Leave it to New York to have crude concrete. A decade ago, Big Apple walkways had the audacity to cast aspersions on pedestrians' undergarments when lingerie maker Bamboo Lingerie stamped sidewalks with the phrase, "From here, it looks like you could use some new underwear." Such bold marketing tactics seem almost genteel now, when every waking moment is saturated in sales messages. Even the most, um, delicate of human experiences are now fair game. In 1999, Internet retailer Half.com placed ads in Penn Station urinals, and media company Captive View has plans to install 1,000 "viewrinal" screens in restrooms throughout the UK.
The human body, long an insignia-sporting shill for various retailers, continues to be quite the billboard source. Temporary tattoo manufacturer Print Expressions will customize 500 tattoos with your company logo for just $89.50. Think tattoos won't make enough of a statement? Maybe you should buy a spaceship. Pizza Hut reportedly paid $1 million to put its logo on the side of a rocket en route to the International Space Station. Not to be one-upped, Radio Shack is in negotiations to have its logo displayed to the entire world-on the moon, just a stone's throw from the Sea of Tranquillity.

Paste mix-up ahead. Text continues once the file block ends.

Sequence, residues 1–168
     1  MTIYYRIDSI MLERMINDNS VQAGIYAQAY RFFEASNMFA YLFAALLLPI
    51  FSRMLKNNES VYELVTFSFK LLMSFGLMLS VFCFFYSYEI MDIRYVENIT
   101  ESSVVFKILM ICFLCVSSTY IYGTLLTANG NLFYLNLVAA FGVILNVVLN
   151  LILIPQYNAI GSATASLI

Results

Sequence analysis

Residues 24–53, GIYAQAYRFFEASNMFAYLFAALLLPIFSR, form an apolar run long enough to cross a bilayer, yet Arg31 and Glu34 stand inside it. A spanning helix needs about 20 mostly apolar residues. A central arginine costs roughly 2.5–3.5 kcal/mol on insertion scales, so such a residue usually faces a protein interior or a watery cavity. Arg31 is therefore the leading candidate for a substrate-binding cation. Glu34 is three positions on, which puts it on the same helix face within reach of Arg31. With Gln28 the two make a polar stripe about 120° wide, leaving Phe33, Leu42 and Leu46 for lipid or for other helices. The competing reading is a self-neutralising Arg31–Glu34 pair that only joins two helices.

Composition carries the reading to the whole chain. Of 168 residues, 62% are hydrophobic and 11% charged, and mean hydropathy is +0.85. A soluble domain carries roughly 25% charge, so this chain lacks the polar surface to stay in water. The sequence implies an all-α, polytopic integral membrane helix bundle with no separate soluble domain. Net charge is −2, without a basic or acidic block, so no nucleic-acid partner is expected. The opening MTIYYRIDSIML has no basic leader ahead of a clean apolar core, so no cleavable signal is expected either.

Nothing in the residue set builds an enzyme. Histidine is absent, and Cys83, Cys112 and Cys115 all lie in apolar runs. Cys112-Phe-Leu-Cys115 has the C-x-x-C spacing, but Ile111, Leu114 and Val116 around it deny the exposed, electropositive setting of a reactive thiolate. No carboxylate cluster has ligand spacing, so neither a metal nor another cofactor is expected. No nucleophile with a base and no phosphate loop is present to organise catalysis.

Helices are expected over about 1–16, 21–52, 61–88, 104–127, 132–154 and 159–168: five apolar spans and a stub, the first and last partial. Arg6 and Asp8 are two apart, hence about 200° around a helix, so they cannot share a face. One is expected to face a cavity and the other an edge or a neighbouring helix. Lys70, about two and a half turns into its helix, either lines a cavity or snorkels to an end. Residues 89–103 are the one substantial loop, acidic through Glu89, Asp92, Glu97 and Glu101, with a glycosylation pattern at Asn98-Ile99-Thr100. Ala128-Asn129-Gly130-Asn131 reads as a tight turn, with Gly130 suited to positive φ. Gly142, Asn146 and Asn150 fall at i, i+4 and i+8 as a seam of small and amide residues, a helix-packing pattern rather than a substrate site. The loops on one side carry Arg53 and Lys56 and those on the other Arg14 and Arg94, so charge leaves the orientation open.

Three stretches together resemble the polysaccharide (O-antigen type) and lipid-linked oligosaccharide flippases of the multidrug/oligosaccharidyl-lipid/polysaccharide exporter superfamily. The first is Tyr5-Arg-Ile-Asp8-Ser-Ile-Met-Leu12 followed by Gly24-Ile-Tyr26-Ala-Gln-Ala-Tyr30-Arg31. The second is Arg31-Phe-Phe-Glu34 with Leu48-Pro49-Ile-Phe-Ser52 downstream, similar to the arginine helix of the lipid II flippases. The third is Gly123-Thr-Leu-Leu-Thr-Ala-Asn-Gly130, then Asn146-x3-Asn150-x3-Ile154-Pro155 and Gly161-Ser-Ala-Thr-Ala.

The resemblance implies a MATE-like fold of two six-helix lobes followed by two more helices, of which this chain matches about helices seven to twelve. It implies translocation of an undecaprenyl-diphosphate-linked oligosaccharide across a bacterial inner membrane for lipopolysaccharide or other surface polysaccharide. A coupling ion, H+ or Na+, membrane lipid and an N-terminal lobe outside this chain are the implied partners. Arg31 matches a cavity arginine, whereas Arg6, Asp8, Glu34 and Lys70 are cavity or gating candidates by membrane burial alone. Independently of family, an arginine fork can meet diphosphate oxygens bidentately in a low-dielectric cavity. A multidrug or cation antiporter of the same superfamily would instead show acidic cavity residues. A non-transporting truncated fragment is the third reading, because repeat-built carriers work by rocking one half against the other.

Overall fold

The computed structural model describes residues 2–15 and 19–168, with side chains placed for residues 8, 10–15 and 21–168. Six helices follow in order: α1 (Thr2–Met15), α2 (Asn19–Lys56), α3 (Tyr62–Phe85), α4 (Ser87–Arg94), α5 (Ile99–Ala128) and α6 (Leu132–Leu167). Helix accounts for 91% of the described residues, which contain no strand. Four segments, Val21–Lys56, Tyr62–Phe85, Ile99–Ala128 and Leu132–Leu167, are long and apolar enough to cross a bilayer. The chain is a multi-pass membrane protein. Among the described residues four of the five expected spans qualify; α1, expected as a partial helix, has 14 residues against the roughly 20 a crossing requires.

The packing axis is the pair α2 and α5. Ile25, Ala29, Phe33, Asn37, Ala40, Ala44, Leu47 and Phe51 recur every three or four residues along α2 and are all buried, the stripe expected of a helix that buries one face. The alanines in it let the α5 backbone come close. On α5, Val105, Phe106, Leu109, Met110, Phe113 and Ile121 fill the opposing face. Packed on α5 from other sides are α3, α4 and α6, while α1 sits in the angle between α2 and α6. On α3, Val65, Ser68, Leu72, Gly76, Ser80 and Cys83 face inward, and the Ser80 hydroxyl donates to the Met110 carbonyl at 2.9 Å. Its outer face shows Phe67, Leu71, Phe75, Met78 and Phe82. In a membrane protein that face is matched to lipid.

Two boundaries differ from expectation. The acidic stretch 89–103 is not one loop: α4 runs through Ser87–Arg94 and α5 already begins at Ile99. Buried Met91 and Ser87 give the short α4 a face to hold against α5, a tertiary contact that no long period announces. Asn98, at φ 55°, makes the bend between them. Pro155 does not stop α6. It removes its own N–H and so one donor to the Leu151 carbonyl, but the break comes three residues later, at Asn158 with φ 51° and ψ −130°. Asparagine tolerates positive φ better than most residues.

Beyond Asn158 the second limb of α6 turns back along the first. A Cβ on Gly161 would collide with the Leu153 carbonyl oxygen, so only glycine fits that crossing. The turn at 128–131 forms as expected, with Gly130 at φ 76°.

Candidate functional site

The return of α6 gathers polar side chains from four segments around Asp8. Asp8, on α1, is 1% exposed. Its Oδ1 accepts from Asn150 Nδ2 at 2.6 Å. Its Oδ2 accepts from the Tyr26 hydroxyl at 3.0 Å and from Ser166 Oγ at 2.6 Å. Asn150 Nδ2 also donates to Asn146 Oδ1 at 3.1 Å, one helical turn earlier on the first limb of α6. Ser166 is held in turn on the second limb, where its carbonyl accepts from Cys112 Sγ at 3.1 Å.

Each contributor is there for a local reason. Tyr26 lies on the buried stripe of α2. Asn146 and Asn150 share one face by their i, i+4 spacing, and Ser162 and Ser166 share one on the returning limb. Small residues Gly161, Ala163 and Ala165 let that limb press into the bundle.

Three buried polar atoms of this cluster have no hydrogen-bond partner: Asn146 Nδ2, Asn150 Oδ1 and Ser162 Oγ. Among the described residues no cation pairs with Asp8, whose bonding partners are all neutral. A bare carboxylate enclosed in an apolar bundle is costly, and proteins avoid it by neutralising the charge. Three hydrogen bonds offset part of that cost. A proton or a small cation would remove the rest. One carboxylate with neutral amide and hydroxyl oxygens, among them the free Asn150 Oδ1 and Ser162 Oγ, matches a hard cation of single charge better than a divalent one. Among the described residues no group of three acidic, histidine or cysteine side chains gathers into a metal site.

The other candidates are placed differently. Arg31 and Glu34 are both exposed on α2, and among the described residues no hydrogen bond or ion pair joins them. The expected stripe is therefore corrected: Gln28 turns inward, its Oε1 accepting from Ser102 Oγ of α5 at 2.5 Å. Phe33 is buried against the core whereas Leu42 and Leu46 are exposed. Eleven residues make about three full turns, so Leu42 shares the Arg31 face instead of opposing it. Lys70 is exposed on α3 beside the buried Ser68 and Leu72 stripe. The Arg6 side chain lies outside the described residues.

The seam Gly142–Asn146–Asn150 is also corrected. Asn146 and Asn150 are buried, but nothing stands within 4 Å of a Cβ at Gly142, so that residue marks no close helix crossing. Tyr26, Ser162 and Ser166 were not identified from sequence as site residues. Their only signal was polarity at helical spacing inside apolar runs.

With advertising venues multiplying like bunnies, will consumers be able to absorb it all, or will their brains go on strike? Kathleen S. Micken, associate marketing professor at the Gabelli School of Business at Roger Williams University in Bristol, Rhode Island, cautions that if consumers face too much information, they may shut down-or worse. People who believe that not every little bit of our lives should be sponsored by some corporate entity will have a negative response to such ads, Micken says.
Some novel ad venues do make sense, like ads on grocery carts and baggage claim carousels. A captive and receptive audience is a beautiful thing, and thinking beyond normal marketing parameters can have major benefits. "If an ad that shows up in an unexpected venue is entertaining or witty and fits with the setting," says Micken, "it may engender an even more positive response."